It wasn’t that Tevye felt lonely. He had other men to talk to, and, like in the past, he still enjoyed a good conversation with a horse or a cow, but neither a man nor a beast was a woman, and a mattress of hay could never take the place of a bed.
“Why don’t you marry again?” Hillel asked him during one of their frequent late evening walks.
It was one of those magical nights that are so unique to the Holy Land, when you feel like you can reach out and touch thousands of stars. It was during these tranquil nocturnal strolls, or during his secluded night hours of guard duty, that Tevye most felt the full wonder of life. Under the vastness of the heavens, when the labors of the day gave way to peaceful contemplation of night, a man could feel his smallness in the universe, and experience the greatness of his Creator.
“Marry again?” Tevye asked. “What for?”
“A wife is better than a cow, is she not?”
“That depends on the woman, and the cow,” Tevye answered. “Fortunately, I was married to an angel. No woman could ever replace her.”
“The Torah says that it is not good for a man to live alone,” Hillel reminded.
“So why don’t you marry?” Tevye asked.
“What woman wants a lame minstrel like me?” Hillel said with a sigh.
“What woman wants a broken down horse of a milkman like me?”
“You’re still as strong as an ox,” the musician said.
“An ox with one foot in the grave,” Tevye tiredly answered.
“In this world, we all have one foot in the grave.”
“Comfort me with your music instead of your speeches,” Tevye said. “Besides, if I were to marry, my angel Golda would haunt me the rest of my life. Do you think she wants a strange woman sharing my bed? I’d rather sleep with the cows than awaken the wrath of my Golda.”
Hillel took up a tune on his harmonica, and the two bachelors walked on accompanied by the lonely chords of his song.
Weeks passed. Spurred on by the challenge of transforming the rugged terrain into fertile orchards and vineyards, the Jews of Morasha kept to their mission with a passionate fervor. As Tevye guided his team of horses and plow along the long furrows which would one day sprout bushels of corn, he thought of his children and grandchildren. Everything he was doing, he was doing for them. And for Golda. Often he would talk to her out loud, to take his mind off of the pains in his back. He didn’t remember his Golda speaking about the Land of Israel, but in his imagination, he built it into her dream. This is what she would have wanted for her children. Her voice rang in his ears, encouraging him, helping him to hold the plow in line, helping him to believe that the seeds he was planting would truly grow into corn stalks and wheat. With her great faith in him, nothing could break him, nor dampen the spirit of optimism which he put into all of his labor.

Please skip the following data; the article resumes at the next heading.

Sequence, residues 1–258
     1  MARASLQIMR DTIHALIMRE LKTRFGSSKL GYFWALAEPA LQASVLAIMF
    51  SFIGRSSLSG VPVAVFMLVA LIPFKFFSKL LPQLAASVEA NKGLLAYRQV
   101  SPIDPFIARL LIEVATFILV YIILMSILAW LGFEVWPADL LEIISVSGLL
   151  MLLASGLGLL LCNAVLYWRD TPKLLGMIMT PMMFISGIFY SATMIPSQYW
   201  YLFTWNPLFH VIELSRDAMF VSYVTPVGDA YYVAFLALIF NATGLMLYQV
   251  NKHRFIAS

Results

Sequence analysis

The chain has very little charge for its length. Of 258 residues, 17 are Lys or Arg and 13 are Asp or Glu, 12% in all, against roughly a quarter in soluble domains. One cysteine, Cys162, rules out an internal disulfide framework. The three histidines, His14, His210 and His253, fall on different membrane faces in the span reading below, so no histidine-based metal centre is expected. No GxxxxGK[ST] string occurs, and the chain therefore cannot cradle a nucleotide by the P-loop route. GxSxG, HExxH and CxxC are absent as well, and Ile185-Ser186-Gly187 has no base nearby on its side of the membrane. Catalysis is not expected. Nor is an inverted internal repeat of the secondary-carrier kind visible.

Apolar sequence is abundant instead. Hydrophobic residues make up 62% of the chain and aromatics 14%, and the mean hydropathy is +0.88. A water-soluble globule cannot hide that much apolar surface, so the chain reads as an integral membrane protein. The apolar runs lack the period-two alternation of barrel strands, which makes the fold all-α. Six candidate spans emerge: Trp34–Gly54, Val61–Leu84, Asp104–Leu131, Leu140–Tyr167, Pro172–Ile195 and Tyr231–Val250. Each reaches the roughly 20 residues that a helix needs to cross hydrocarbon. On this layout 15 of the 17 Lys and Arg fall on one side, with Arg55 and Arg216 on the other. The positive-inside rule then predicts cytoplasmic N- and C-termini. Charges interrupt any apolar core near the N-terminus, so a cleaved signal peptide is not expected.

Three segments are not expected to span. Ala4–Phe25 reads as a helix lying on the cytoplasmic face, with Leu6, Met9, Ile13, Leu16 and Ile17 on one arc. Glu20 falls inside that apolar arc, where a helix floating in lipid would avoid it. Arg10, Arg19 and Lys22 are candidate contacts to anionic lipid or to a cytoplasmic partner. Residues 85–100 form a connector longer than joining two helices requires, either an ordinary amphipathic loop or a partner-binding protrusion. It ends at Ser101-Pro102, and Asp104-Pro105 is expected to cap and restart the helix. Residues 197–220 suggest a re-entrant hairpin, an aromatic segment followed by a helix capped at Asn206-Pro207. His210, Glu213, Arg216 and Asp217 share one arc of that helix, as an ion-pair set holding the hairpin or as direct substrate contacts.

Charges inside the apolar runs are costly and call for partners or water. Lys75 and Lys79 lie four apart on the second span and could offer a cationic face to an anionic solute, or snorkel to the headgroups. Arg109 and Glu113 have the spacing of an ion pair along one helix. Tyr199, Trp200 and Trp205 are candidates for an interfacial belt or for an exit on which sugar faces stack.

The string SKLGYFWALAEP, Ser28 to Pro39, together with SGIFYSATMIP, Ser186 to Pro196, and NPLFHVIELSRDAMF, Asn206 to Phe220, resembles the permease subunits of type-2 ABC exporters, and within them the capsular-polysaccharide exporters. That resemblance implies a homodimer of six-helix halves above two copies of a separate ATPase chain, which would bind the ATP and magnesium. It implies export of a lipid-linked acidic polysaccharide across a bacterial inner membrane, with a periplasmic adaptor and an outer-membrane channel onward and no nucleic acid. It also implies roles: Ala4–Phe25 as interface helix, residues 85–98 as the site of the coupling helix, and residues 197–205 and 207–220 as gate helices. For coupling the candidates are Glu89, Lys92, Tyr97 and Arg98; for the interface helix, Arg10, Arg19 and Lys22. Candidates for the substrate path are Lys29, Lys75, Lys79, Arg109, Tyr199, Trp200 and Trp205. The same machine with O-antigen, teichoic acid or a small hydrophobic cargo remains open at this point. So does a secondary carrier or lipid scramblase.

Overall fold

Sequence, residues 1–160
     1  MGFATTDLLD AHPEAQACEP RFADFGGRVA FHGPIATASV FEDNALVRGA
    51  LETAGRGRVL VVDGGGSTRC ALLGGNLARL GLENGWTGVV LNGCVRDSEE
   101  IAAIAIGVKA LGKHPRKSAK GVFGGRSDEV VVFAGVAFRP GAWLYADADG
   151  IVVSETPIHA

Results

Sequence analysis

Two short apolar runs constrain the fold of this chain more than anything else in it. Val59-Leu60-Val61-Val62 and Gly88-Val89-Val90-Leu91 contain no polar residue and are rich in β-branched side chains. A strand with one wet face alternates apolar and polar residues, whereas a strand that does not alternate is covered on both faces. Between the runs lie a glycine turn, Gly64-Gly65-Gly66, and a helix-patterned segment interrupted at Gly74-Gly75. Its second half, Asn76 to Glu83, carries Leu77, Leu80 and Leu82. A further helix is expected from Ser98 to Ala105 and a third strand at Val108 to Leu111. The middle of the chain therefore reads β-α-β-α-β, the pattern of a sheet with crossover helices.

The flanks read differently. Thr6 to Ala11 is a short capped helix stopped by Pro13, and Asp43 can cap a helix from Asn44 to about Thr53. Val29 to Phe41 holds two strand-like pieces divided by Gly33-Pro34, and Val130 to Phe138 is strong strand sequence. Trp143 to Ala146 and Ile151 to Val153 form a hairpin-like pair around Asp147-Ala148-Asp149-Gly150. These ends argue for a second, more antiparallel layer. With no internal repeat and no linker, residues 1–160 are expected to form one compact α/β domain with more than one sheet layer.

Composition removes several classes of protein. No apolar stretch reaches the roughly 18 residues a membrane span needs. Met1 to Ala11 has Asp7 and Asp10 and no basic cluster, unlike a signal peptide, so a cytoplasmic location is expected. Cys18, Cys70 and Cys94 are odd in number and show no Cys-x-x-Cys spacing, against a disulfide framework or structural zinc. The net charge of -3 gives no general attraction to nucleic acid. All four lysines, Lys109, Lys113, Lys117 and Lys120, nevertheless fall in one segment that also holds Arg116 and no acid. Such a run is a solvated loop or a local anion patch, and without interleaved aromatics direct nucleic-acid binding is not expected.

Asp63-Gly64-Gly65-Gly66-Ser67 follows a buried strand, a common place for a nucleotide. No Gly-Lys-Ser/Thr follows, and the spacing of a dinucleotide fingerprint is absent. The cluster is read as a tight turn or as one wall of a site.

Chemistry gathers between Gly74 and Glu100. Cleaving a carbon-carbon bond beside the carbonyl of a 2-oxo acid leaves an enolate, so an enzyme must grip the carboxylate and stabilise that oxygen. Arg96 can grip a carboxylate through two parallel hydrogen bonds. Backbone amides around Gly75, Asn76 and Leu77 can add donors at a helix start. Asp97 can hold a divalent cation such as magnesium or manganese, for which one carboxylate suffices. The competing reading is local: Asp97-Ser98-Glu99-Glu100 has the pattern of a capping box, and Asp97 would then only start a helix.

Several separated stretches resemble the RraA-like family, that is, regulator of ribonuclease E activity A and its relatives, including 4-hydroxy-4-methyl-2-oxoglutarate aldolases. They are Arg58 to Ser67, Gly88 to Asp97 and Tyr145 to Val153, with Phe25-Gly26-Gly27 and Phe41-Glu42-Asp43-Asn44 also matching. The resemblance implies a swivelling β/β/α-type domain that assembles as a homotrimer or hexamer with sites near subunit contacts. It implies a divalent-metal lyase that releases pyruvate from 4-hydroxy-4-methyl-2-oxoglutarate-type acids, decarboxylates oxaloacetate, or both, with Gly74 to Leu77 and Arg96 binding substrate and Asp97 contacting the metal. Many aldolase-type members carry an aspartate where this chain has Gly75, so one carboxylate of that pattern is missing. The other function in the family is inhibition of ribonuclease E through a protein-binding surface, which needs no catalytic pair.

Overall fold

Not that everything was all roses. Almost nightly, there were discussions about abandoning the area to search out a better irrigated site, but the settlers decided to stay with the hope that their work would be blessed from Above. Whenever LeClerc visited the new settlement to see what progress had been made, all of the settlers crowded around him with a chorus of demands and complaints. They were short of manpower, short of horses, and short of tools. They had been promised 150 square dunams of land apiece, but had received only seventy-five. Shipments of meat which were supposed to be sent from Zichron Yaacov rarely arrived, and their stock of medicine and bandages was depleted. Finally, the distance they had to travel to their fields, day after day, was a punishment that was taking a toll on everyone, including their mules and their horses. LeClerc made notes in a pad and promised to pass on the information to the appropriate officials in Paris.
“Paris?!” Tevye exclaimed. “We’re the ones living here. We know what we need. What do our problems have to do with some clerk sitting on his tochis in Paris?”